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Storage spaces and cubby holes are at a premium in this super premium hot hatch. 1 tiny cup holder swings open adjacent to the gear lever, and an open glove box on the passenger side. The seats have been replaced with new ones which lend the bucket seat feel. The seats themselves are fantastically built in leather with red stitching, that’s not all, and they also get “Racing Harness Passthroughs”! Well the racing bucket seats are built for a purpose and not meant for comfort and those on the Abarth are exactly that. The seat height adjuster is place on the left hand side of the driver seat and is centimeters apart from the handbrake lever – disaster in the waiting?

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The attention grabber remains the turbo boost gauge cum shift indicator pod, similar to pseudo tachometer pod we see in a Suzuki Ritz. While not very practical, it does add extra oomph to the overall racy theme of the interiors. The rear seats are best reserved for the kids owing to the space on offer while the position of seat belts on the B is quite a stretch before one buckles up.  The Abarth surprised us with its boot space which is almost on par with other hatchbacks, but does not come with a spare wheel. It just has a puncture repair kit.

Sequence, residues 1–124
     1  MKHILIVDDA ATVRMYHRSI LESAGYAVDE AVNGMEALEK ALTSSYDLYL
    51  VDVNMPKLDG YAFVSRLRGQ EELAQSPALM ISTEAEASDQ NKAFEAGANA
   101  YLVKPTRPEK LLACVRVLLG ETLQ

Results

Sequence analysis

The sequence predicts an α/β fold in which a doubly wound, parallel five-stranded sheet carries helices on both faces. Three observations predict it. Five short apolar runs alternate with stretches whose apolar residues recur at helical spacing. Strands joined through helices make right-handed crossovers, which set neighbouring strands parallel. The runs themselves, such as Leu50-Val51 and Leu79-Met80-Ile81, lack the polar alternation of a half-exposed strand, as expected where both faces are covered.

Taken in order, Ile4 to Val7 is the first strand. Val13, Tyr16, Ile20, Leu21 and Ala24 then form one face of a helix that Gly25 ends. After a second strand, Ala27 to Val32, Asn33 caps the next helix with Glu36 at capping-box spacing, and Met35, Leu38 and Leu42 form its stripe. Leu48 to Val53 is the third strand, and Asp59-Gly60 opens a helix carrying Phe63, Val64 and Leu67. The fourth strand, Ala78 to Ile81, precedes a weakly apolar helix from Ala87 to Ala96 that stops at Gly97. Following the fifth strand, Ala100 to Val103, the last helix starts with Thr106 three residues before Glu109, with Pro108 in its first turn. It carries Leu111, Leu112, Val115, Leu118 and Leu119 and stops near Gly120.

Next page for drive experience – performance and handling>>>

The drive experience…